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kalvado
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Re: Sourcing old electronics for new planes

Wed Mar 31, 2021 11:20 am

Long term availability is a part of original supplier contract. I know someone who works in car electronic components manufacturing, and they are committed to 10 year availability after the end of production - which is a lot for cars. Part of the reason why industrial grade stuff is more expensive than consumer grade.
 
gloom
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Re: Sourcing old electronics for new planes

Wed Mar 31, 2021 2:32 pm

kitplane01 wrote:
I cannot imagine Intel/Arm/etc will run a factory to make a few hundred chips .. a few hundred thousand would seem low to them.


Most of chips are still available somewhere. A chip I ran first assembler on (8051, microcontroller back from 80s combining 8bit core, ROM and RAM, ports etc on one chip) is still in production by copy companies. 30 years later.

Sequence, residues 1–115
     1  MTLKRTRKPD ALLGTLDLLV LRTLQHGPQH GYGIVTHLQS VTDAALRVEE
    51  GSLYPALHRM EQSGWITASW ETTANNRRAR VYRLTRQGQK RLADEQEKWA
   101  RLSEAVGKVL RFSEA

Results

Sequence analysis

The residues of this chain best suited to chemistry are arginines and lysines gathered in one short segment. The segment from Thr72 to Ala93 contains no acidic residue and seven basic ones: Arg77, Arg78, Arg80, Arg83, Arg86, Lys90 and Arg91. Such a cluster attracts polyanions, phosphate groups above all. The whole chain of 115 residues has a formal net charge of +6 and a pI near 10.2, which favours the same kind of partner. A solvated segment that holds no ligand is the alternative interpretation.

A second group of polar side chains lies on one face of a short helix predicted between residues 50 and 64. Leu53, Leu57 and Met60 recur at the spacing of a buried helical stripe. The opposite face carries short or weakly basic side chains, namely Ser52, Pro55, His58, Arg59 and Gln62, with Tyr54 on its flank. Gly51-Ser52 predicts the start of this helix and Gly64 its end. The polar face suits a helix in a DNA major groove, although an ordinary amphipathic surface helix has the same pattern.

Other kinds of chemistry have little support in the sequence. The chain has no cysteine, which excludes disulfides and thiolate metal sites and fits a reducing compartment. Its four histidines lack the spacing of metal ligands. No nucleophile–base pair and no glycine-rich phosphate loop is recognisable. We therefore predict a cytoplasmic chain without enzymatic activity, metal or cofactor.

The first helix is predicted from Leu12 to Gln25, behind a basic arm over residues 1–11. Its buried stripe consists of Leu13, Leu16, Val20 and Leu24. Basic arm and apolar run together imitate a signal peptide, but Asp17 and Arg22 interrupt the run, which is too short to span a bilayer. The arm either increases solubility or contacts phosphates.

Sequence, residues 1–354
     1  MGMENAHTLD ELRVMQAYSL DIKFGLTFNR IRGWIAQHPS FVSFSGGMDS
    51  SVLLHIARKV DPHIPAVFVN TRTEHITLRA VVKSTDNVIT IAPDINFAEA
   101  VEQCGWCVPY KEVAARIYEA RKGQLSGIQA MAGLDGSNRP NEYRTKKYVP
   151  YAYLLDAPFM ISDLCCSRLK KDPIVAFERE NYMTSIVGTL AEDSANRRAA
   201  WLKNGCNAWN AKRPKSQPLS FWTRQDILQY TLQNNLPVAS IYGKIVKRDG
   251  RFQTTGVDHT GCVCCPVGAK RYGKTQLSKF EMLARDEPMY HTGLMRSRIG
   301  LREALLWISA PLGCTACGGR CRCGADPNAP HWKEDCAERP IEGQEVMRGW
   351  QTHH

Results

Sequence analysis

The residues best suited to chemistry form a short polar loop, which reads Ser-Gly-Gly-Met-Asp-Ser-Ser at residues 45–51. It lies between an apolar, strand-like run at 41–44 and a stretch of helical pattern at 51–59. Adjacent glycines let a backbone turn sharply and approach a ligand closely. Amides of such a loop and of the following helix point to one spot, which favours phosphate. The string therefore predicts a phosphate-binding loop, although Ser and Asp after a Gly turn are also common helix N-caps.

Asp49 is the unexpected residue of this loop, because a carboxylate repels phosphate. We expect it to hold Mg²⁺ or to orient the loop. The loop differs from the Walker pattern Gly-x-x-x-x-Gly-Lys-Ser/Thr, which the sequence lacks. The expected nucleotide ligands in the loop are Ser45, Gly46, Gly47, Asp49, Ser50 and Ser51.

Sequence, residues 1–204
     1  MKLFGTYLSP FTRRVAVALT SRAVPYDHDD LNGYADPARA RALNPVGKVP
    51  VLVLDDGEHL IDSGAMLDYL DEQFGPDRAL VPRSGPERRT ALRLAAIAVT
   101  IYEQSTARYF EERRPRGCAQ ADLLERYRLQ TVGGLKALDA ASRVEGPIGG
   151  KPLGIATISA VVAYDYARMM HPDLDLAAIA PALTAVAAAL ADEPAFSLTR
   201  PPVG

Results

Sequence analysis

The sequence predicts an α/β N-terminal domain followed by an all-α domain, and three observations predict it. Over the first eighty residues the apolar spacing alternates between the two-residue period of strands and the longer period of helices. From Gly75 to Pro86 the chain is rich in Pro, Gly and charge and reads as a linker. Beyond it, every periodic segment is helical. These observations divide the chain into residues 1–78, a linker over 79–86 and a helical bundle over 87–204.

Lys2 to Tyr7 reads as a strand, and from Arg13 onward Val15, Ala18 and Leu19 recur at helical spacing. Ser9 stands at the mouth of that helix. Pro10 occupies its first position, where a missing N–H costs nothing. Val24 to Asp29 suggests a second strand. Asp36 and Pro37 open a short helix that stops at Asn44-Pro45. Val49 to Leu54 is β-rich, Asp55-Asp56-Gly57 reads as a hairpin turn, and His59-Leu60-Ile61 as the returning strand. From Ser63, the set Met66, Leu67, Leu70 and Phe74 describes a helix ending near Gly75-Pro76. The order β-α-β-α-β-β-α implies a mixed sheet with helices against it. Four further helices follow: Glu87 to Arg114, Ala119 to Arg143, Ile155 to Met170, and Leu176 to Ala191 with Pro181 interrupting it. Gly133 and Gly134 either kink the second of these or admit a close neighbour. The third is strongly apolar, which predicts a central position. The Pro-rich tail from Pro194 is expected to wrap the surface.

There are many small companies able to run small scale chips. Sure, they will cost few bucks more maybe, due to small numbers, but these can be done.
https://en.wikipedia.org/wiki/List_of_x86_manufacturers

Cheers,
Adam
 
kalvado
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Re: Sourcing old electronics for new planes

Wed Mar 31, 2021 9:17 pm

gloom wrote:
kitplane01 wrote:
I cannot imagine Intel/Arm/etc will run a factory to make a few hundred chips .. a few hundred thousand would seem low to them.